This year, AvtoVAZ was forced to postpone their traditional summer corporate vacation (when they stop production) to April. The “conditionally planned” downtime was used to restore supply chains and replace critically imported components with alternative ones.
Production was resumed only at the beginning of June, but not all models were included. Because of the sanctions, the Germans suspended cooperation with Russia. Now, China has taken over from the Germans: Bosch will be replaced by APG and Trinova products. The first model with a Chinese anti-lock braking system will be the Lada Largus. It is planned to produce 800 Largus vehicles per day.
Finding themselves in difficult situations, many Russian companies are forced to sell their products to foreign partners at a discount and lose part of their profits. Production in certain industries has become highly unprofitable. Many private owners are asking themselves whether they should keep their business or declare bankruptcy.
According to Rosstat, the turnover of companies working in Russia decreased by 12% in April 2022 as compared to March 2022. It dropped by 20-30% in oil production, wood processing, production of refined oil products, medicines, vehicles, and software development.
Unemployment seems to be almost non-existent in the Russian Federation. However, more and more companies are transferring workers to part-time jobs or sending them home on unpaid leave. In April 2022, the number of Russians looking for work increased and the number of resumes on relevant Russian websites increased much faster than the number of vacancies.
Yes, there is undoubtedly a shortage of underpaid unskilled workers in construction, raw material extraction, and processing industries. But the demand for highly qualified labor – in the financial sector, in sales and automobile maintenance, in procurement – has seriously declined.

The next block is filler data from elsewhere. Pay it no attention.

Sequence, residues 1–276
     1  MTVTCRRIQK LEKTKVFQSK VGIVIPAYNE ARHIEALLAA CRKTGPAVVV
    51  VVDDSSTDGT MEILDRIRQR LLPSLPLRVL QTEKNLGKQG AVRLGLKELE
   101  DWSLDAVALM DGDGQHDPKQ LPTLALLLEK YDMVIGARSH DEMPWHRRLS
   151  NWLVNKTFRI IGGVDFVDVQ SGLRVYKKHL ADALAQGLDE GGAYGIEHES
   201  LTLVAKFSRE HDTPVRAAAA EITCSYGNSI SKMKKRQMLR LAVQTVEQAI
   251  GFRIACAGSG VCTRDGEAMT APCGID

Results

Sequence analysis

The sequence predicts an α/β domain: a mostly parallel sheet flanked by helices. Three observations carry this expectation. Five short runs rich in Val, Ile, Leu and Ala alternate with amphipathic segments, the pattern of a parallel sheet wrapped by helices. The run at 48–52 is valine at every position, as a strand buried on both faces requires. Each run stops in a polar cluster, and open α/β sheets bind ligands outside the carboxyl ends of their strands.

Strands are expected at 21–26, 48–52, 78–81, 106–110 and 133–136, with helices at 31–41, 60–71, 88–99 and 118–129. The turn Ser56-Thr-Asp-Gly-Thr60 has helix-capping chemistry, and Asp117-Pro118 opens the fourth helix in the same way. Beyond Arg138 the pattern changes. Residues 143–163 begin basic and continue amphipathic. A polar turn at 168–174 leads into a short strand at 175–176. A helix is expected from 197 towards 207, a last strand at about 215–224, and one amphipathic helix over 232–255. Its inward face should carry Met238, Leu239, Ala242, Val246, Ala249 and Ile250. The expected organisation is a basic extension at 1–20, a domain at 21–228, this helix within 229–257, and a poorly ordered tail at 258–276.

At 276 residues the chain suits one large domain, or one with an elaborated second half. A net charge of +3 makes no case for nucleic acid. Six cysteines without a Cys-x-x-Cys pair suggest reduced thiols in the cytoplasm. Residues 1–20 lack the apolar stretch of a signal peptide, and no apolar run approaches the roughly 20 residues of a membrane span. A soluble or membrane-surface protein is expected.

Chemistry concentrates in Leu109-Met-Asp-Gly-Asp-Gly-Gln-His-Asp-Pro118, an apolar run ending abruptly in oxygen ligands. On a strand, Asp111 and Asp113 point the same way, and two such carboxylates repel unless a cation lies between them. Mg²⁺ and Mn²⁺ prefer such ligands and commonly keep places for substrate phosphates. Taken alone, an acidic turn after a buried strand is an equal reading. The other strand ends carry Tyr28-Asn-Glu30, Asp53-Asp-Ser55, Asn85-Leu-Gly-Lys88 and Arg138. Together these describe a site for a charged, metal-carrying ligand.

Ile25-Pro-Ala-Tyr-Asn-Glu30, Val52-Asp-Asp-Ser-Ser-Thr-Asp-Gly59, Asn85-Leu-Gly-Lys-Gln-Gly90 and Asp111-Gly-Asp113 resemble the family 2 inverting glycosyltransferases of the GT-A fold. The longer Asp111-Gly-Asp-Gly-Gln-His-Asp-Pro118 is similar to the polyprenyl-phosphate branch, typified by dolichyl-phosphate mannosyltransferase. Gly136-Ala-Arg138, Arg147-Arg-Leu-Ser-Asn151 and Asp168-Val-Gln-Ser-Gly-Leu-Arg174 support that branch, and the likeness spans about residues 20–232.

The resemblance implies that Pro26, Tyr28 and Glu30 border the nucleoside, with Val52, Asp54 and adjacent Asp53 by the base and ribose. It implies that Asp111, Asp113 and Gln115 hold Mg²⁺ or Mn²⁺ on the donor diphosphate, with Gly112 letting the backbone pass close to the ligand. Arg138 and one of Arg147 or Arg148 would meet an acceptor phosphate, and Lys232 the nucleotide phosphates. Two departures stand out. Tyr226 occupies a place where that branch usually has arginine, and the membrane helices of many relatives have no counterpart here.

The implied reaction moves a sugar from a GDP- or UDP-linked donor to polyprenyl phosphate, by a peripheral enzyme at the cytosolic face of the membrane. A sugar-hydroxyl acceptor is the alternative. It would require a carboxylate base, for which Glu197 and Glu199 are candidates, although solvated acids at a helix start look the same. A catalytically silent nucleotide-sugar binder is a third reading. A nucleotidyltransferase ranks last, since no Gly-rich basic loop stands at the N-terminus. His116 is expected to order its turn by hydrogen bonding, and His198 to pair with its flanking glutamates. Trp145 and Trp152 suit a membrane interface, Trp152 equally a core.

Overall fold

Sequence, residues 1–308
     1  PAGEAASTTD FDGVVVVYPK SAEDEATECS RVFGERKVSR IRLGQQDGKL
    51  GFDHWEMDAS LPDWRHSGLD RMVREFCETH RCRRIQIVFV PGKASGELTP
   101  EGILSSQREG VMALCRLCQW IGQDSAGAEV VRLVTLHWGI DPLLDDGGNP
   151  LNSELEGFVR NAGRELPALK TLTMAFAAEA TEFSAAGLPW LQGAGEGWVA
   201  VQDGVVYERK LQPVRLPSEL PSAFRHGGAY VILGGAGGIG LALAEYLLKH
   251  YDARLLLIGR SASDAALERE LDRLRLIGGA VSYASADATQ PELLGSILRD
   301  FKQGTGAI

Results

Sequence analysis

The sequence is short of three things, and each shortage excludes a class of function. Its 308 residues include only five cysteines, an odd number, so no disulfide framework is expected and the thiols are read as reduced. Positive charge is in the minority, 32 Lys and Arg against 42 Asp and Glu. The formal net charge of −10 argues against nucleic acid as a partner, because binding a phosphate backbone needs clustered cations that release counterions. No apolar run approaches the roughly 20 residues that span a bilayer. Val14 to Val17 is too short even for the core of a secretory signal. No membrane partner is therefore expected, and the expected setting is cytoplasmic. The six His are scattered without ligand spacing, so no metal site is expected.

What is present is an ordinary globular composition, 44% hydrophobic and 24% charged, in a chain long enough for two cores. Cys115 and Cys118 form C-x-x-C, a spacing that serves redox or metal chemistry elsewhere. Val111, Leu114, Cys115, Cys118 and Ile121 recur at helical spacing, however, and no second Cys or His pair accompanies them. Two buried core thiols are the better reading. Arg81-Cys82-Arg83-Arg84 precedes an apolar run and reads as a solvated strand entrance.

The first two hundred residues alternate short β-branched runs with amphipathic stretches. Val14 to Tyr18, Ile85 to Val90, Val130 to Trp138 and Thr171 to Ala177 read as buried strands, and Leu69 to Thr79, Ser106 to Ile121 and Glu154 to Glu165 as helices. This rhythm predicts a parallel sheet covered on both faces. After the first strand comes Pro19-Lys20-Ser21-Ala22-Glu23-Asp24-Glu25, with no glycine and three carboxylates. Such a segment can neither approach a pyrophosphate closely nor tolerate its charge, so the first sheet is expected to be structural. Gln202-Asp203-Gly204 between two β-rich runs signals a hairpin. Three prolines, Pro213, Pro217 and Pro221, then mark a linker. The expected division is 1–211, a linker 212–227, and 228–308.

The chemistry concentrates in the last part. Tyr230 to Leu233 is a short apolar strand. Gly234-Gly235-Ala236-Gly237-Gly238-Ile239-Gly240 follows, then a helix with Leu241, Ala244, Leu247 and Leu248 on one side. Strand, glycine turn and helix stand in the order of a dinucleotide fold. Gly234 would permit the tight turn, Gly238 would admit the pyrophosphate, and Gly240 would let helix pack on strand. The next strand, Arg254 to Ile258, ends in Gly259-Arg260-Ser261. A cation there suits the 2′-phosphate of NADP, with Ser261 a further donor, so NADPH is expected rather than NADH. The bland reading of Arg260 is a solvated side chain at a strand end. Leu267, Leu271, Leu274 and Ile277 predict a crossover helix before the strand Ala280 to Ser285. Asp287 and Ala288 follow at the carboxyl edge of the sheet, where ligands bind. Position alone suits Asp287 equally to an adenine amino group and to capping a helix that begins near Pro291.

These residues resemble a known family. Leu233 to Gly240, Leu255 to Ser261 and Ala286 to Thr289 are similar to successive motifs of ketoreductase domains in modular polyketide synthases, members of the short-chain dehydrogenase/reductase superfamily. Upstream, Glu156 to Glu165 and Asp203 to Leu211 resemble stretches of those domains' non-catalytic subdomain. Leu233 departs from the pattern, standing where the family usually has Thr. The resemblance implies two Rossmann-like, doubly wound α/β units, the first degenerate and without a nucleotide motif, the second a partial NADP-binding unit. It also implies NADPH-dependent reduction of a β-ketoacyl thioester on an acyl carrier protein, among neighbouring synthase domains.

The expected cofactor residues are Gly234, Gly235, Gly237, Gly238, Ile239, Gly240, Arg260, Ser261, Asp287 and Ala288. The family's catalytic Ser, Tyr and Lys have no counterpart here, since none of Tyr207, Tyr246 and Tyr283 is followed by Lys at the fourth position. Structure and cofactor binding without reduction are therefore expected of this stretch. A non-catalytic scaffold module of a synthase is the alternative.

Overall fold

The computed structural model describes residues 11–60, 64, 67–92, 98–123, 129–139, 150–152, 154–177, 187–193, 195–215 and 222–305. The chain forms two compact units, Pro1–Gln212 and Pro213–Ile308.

Since the beginning of the war, Russia has relied heavily on revenues from oil and natural gas, which make up a significant share of its federal budget. According to the Ministry of Finance of the Russian Federation, in the first quarter of 2022, the share of oil and gas revenues reached 41.5%, while in the corresponding period of 2021 it was 30.53%. Taxes, fees, and payments for the use of natural resources reached 50%. During 2018-2021, this indicator remained within 21-32%.
Therefore, by refusing to import Russian oil and gas – as stipulated in the sixth package of EU sanctions against the Russian Federation – the EU and other countries have backed Moscow into a corner. Russia now faces a serious challenge for filling its budget coffers.
It will only get worse
Let’s consider the prospects of the Russian economy without additional risks.
Taking into account, to put it mildly, the frosty investment climate, it is unrealistic to think that a cluster of high-tech companies will emerge to help Russia and that these same companies will agree to export and fill Russia’s budget and enable Russia to “jump off the oil needle”, a conceptual metaphor often used in Russian political discourse. “Repairing the holes” (searching for new suppliers, technologies, markets, etc.) will take approximately one and a half years. And during this time, new “holes” will appear, and Russians will find themselves immersed in the dark ambience of the early 1990s.
The Russian economy will be restructured. But, it will only provide for products and services of mass demand, as well as goods required for their production – raw materials, other required materials, equipment, transport, and containers.